Hitman Absolution Review: Definitely a Not Politically Correct Game
When it comes to the issue of women’s rights, I am easily bothered. Perhaps because all my heroes have cared deeply for the issue, I always take into account how any work treats women. As a gamer, it places me in an interesting position because the videogame industry is often guilty of sexualizing everything from violence to entertainment, and that too out of context. So, before buying a game, I make sure its trailers don’t imply that it is insulting to women and, when it comes to Hitman: Absolution, it is insulting indeed.
The trailer I’m referring to, titled “Attack of the Saints,” is an early Hitman: Absolution promotional video that showcases our protagonist brutalizing several assassins sent to kill him. The assassins are all females dressed as nuns donning habits and necklaces bearing the cross. Then, before they approach their target, the assassins disrobe their habits to reveal PVC and latex costumes. The women continue to don their religious headgear while their noses are broken, necks are strangled and chests are shot.
It’s not to say that I am against violence in videogames, and I certainly don’t discriminate based on the gender of the pixels I attack. Much of my childhood was spent playing Mortal Kombat, which really is as violent a videogame as they come, and it does not change anything from gender to gender. Also, one of my favorite games is the original True Crime, where you actively beat up women in a quest for peace in Los Angeles.
The violence in these games, however, is not based on gender. A punch to the face, for example, is gender-neutral and fair game within a game. Compare that with Duke Nukem Forever, where the violence against women is gender-specific. Nude women will be found in caves attached to gigantic symbols of phallic flesh. You will then be required to beat them to death using your fists or the butt end of your rifle.
The doors to the level will be shaped like labia that you will penetrate (spouting a vulgar remark each time) to open. The decapitated breasts of the women will be on the walls for you to slap and get a health boost (a recommended activity in the game’s hints section). You will target the chest of a three-breasted alien called the “Queen B****.” Now tell me about the context.
In Hitman, the violence never particularly targets female body parts but it is still isn’t done in a gender-neutral manner. The trailer repeatedly focuses on the highly sensuous body parts of the female anatomy, such as the cleavage, thighs and buttocks. That, combined with the fact that the women are dressed in clothes designed for sexual activity, gives the terrifying impression that the developer sees congruence in violence and sexuality when latex-clad women are involved.
Certainly, these clothes are contextually inappropriate because I refuse to believe any assassin would pack a bazooka but head out to battle dressed so scantily, yet that is the popular trend in videogames, is it not?
The other issue here is the juxtaposition of a nun’s habit with a PVC costume. These clothes reflect such opposing ideologies that both sides would be offended by this combination. Be it the woman donning the habit or the latex, both were insulted here because the former’s conviction to her faith was mocked while the latter’s right to not have men harbor abuse fantasies about her was disregarded.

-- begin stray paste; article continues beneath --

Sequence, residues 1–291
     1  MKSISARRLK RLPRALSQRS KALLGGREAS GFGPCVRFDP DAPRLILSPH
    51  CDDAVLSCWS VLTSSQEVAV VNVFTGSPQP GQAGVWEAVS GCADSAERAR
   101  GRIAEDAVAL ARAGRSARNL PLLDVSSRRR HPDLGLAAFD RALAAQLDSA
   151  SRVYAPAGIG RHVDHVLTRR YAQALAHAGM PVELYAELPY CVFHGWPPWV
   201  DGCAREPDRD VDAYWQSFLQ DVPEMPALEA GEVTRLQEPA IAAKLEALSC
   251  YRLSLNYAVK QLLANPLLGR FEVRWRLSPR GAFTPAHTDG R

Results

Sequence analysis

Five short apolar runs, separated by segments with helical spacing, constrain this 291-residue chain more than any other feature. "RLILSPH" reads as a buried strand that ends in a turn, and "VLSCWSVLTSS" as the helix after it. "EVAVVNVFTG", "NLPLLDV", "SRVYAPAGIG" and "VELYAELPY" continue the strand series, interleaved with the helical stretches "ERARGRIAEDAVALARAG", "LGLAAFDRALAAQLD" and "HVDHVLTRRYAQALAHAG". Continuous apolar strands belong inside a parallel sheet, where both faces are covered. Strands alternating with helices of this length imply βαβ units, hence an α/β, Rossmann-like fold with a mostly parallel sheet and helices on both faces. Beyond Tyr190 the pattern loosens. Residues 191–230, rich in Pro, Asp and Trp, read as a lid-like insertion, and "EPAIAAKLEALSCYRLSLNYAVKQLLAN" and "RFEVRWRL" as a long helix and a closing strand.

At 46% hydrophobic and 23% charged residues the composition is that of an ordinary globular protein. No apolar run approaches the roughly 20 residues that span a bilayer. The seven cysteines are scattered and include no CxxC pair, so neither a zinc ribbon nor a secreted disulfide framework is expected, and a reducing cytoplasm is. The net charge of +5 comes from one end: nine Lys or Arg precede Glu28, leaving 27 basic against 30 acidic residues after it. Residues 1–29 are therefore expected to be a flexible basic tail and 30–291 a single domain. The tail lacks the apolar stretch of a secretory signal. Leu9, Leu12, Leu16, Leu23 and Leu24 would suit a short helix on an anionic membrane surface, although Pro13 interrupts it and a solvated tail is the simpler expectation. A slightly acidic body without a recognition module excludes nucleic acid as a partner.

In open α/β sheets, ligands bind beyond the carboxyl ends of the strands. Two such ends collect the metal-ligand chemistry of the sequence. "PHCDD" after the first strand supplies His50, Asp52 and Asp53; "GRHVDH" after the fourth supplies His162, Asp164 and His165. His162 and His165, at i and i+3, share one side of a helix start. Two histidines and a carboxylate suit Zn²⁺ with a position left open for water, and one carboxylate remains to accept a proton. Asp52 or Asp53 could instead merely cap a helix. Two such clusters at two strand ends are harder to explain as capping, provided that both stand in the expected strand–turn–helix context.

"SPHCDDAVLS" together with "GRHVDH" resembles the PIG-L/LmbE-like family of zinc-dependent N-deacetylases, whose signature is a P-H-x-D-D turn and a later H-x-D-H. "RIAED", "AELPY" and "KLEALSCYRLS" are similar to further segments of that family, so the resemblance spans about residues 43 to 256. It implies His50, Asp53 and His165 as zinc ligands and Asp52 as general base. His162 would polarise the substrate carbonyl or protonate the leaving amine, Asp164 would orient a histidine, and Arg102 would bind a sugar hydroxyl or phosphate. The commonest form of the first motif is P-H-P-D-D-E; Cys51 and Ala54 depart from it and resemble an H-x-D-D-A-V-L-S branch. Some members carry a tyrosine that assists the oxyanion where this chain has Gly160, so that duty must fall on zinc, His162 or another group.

Just as it is a woman’s right to partake in latex fetishism without being judged, so is it her right to take up the habit without being judged. People often forget the “without being judged” part but that is because they are self-righteous, intolerant hypocrites.
If this was the creator’s attempt to somehow satirize hypocrisy, it should have been done more sensitively. As it stands, the game has effectively mocked both the nuns that have a right to dress modestly and the ladies that have a right to not have their abuse sexualized simply because of their fetishes.
My heightened sensitivity to this issue also owes itself to an ingrained fear that too many gamers have no problem with gender-specific violence in their games. When I had written about a similar issue a few weeks ago, the comments for my news link on n4g included the following:
- I'm started to think the majority of male gamers are gay now....
- Maybe he is trying to look good to his feminist girlfriend….
- Yeah, I'm over these pansies. What happened to men? They shave their chests and wear skinny jeans. Why would a man boycott a game like DN?
- …this guy needs to get back in the kitchen where he belongs.
- What a fag.
- Shut up feminists, gosh.
- …modern day feminists are pretentious, self righteous busybodies who capitalize on minutia and create problems, rather than solve them.
- …where the hell do all these nutty liberals come from?
And this really is the tip of the iceberg when it comes to how women are often treated and portrayed in this industry. In the past, gamers have verbally abused a woman for admitting to be a lesbian online (after which she was banned from the service), a female professional gamer was forced to forfeit a tournament because of sexual harassment so obvious it was actually caught on tape, and a game was built around the concept of raping underage schoolgirls.
Even the less extreme examples, such as the massively popular Mass Effect 2, cannot resist from focusing on Yvonne Strahovski’s backside during conversations, meaning that there just isn’t the kind of discourse on this matter that there needs to be.
Luckily, however, women are now increasingly involved in both the consumption and production of videogames, so this trend may change; it’s just a little disheartening that it takes that much of a paradigm shift for developers to realize you aren’t supposed to insult an entire gender.